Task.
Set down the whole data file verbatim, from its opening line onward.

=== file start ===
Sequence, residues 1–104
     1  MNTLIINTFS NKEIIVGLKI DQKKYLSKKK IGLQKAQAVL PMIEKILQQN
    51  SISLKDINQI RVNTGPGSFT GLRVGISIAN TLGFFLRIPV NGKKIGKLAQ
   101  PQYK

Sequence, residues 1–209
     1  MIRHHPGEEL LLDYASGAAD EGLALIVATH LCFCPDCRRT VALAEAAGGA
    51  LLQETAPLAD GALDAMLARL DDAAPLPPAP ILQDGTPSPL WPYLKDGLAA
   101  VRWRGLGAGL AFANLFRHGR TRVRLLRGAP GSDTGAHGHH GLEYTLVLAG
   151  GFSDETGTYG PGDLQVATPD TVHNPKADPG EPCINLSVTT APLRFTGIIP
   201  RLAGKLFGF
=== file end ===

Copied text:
Sequence, residues 1–104
     1  MNTLIINTFS NKEIIVGLKI DQKKYLSKKK IGLQKAQAVL PMIEKILQQN
    51  SISLKDINQI RVNTGPGSFT GLRVGISIAN TLGFFLRIPV NGKKIGKLAQ
   101  PQYK

Sequence, residues 1–209
     1  MIRHHPGEEL LLDYASGAAD EGLALIVATH LCFCPDCRRT VALAEAAGGA
    51  LLQETAPLAD GALDAMLARL DDAAPLPPAP ILQDGTPSPL WPYLKDGLAA
   101  VRWRGLGAGL AFANLFRHGR TRVRLLRGAP GSDTGAHGHH GLEYTLVLAG
   151  GFSDETGTYG PGDLQVATPD TVHNPKADPG EPCINLSVTT APLRFTGIIP
   201  RLAGKLFGF